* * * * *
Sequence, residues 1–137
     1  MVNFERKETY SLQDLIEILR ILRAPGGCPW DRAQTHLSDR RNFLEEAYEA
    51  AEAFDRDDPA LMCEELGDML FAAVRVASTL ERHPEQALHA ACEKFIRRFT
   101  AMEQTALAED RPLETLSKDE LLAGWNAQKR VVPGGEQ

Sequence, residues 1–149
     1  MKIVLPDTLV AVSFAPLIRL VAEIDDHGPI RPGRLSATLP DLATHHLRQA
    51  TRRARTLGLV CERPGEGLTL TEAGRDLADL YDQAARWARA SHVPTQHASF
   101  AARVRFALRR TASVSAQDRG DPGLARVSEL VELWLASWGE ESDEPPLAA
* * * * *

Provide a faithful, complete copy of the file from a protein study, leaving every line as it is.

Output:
Sequence, residues 1–137
     1  MVNFERKETY SLQDLIEILR ILRAPGGCPW DRAQTHLSDR RNFLEEAYEA
    51  AEAFDRDDPA LMCEELGDML FAAVRVASTL ERHPEQALHA ACEKFIRRFT
   101  AMEQTALAED RPLETLSKDE LLAGWNAQKR VVPGGEQ

Sequence, residues 1–149
     1  MKIVLPDTLV AVSFAPLIRL VAEIDDHGPI RPGRLSATLP DLATHHLRQA
    51  TRRARTLGLV CERPGEGLTL TEAGRDLADL YDQAARWARA SHVPTQHASF
   101  AARVRFALRR TASVSAQDRG DPGLARVSEL VELWLASWGE ESDEPPLAA